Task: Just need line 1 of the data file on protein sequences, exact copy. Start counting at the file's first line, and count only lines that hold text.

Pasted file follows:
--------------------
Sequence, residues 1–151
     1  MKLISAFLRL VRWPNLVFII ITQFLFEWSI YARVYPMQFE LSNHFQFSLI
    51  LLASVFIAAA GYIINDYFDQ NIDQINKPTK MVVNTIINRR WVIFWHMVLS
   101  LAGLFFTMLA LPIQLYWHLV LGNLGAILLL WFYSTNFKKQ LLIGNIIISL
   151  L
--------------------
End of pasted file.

Sequence, residues 1–151